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A decade of change in the regional press

HoldtheFrontPage marks the tenth anniversary of its launch this week – but how much has the industry really changed in that period?

Well, a look back at our newslist from our first day of operation, 7 February 2000, gives us a few clues.

Among the stories we featured were a regional daily’s stand against council secrecy, a new initiative in dealing with readers’ complaints, and a regional publisher’s new online shopping portal.

While circulation may not quite be what it was, some of the issues facing regional newsapapers and their journalists have remained constant.

One of our top stories that day was about Southern Daily Echo editor Ian Murray’s new idea for handling complaints, called ‘Your Advocate.’

Ian told HTFP he picked up the idea from an American newspaper while holidaying in Florida.

Ten years on, Ian is one of only a handful of regional daily editors who are still in the same jobs they were in when HTFP was launched (Gerry Keighley of the South Wales Argus, Derek Tucker of the Press and Journal, and Peter Barron of the Northern Echo are three of the others.)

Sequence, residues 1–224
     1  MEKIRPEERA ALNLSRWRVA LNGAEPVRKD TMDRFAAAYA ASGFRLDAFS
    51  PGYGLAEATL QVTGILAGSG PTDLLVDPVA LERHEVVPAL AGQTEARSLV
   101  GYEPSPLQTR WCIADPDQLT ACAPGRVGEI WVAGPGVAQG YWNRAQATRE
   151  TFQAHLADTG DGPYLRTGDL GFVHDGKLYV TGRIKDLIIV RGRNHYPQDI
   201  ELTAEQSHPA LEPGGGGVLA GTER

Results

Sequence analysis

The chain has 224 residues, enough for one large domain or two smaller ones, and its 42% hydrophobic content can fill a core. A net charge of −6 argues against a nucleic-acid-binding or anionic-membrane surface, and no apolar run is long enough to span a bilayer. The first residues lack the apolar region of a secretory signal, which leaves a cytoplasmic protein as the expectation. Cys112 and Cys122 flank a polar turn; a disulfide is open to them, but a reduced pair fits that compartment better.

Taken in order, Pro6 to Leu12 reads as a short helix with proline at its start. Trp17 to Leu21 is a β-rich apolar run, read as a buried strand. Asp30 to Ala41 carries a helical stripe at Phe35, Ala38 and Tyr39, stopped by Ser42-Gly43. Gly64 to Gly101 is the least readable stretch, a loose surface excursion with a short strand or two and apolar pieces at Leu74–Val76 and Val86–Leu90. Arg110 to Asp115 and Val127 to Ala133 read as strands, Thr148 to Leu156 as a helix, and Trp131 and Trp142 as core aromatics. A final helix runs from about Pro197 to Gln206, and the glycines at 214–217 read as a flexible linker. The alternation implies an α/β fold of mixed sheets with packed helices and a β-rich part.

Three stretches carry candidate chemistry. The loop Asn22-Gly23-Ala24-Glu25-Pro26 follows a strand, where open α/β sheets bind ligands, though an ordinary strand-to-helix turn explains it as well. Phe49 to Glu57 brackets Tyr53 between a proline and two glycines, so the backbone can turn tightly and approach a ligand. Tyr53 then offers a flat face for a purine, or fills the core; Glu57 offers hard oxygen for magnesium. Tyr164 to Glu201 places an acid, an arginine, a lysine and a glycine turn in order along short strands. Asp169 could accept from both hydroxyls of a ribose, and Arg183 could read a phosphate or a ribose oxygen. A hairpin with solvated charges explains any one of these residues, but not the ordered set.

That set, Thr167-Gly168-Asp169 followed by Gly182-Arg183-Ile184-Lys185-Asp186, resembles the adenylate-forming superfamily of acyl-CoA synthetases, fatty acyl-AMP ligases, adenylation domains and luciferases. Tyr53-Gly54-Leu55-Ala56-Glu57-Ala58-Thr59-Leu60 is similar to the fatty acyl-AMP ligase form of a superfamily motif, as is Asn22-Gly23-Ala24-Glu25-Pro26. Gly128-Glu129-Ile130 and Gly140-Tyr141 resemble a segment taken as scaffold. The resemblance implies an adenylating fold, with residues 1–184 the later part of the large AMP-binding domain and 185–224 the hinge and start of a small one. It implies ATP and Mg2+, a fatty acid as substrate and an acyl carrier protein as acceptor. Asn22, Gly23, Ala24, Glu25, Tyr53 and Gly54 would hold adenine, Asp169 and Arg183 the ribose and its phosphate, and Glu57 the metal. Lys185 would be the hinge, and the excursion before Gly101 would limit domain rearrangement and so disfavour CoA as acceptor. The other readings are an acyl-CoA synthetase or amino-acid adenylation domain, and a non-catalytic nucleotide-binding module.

But his paper is no longer the six-edition, 60,000-circulation tabloid we described in our first day story.

The stand-out headline from our debut newslist was undoubtedly ‘Readers strike it lucky with reporter’s wife’.

The lady in question was Brighton Evening Argus reporter Nigel Galloway’s wife Ruth, who wrote an unusual column giving readers tips on how to win competitions run by supermarkets and HIgh Street shops.

Meanwhile The Citizen, Gloucester, ran a column of a rather different nature, listing all the items that had been considered by the local council under private business.

The Freedom of Information Act has subsequently eased some of these difficulties, but council secrecy remains a pervasive problem for many local and regional journalists.

Finally, the newslist contained both a foretaste of the future and a link with the industry’s more distant past.

The future was represented by the first mention of the internet on HTFP – a story about a new online shopping mall called that had been launched by Newsquest.

But the past was also present in the shape of a tribute to the former Derby Evening Telegraph courts and council reporter Lewis Meakin who had recently died at the age of 83.

Former colleague Lucy Orgill noted that Lewis had spent so many hours in Derby Courthouse that his initials LHM were carved into the old press bench – as I remember from having sat there myself as a DET reporter in the 1980s.